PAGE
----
The NWI Times employs 54 staff writers, six photographers and 31 editors, according to NWI Times Executive Editor, Bill Nangle. The newspaper is the second-largest daily newspaper, in circulation, in Indiana.
In 2008, The Times, a regional Lee Enterprises newspaper in Munster, Ind., serving 57 communities in northwest Indiana and the southeast Chicago suburbs, was named the fastest growing English-speaking daily newspaper in the United States. According to the Times Media publisher’s office, circulation revenue has also increased 16 percent since 2008 (see Backgrounder).
The Times’ niche is local news and information. “It tells stories about people – the fantasies, threats, pride and pain, clubs and cliques, work and play, wins and losses, wonder and revulsion, youth and age, beginnings and endings – everything that is local and much more,” says The Times Media Center mission statement.
Coined the “Munster Model,” according to Bill Nangle, executive editor, The Times produced eight zoned-editions to cover a diverse market of more than three-quarter million people not well served by Chicago media. The Times now serves its market through four zoned-editions, the nwi.com and my.nwi.com websites, and numerous niche publications, including a weekly Hispanic newspaper.
Publisher, Bill Masterson, Jr., describes several strategic, entrepreneurial changes the newspaper has pursued to leverage its existing skills and resources. Times Media offers ad pagination and design services for other newspapers and in-bound circulation call-center services for 10 other newspapers. To a “what changes didn’t work?” question, Masterson cites “Sunday Select,” a program to distribute packages of inserts to non-subscribers on Sundays. Masterson says non-subscribers simply “didn’t want” the inserts without a newspaper.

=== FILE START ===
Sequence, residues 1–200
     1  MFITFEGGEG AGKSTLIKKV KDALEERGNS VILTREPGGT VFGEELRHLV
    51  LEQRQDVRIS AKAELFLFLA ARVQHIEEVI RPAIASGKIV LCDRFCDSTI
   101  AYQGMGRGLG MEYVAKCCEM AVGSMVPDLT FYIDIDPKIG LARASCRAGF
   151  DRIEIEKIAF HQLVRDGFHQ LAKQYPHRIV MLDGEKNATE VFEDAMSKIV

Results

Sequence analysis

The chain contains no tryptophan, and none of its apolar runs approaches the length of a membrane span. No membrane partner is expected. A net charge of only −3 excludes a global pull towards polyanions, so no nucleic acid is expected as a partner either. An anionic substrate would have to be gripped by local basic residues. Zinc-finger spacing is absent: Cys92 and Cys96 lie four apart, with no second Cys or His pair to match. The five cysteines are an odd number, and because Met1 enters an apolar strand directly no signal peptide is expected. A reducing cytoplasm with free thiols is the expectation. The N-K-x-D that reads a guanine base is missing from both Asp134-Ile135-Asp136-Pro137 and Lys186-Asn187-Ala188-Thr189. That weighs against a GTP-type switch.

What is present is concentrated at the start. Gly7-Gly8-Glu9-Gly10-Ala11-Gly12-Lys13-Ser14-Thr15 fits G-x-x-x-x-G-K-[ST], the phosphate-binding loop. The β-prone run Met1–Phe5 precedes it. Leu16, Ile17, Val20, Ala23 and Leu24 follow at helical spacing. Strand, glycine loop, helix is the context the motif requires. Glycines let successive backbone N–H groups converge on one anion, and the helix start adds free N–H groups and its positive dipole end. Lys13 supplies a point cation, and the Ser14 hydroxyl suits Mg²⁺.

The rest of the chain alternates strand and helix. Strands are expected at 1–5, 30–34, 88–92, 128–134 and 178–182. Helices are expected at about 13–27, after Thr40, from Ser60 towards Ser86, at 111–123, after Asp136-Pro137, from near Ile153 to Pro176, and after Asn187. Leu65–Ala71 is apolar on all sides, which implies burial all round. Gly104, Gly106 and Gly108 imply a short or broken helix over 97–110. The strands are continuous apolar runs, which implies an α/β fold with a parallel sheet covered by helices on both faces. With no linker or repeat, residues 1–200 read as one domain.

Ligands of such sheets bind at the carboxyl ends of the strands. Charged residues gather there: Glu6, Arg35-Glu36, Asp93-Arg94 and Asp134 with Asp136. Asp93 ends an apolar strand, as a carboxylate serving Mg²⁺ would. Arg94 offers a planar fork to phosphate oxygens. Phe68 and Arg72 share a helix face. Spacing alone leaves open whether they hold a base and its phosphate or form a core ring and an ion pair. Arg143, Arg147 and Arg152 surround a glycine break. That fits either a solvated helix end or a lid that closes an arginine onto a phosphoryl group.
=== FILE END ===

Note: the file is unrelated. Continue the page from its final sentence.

Masterson reports that to strengthen its ties to younger readers, The Times has entered into a year-long experiment with Calumet High School in Lake County, Ind., a “New Tech” school. Six hundred students have signed-up to tell The Times how they want to receive credible news and information. Part of the experiment is to determine if young people are trainable to “understand the differences between credible and non-credible information.” Chris Loretto, director of interactive media, product development and marketing, describes The Times’ work as beta site for a Lee Enterprises total content management system (TCMS) – a system that integrates articles, videos, photos, graphics and other content into a single system.
-- Sara Brown & Paul Steinle